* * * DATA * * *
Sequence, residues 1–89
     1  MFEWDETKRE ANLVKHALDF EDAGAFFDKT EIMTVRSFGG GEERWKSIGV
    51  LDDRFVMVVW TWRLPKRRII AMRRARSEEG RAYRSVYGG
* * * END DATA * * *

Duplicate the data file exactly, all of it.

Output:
Sequence, residues 1–89
     1  MFEWDETKRE ANLVKHALDF EDAGAFFDKT EIMTVRSFGG GEERWKSIGV
    51  LDDRFVMVVW TWRLPKRRII AMRRARSEEG RAYRSVYGG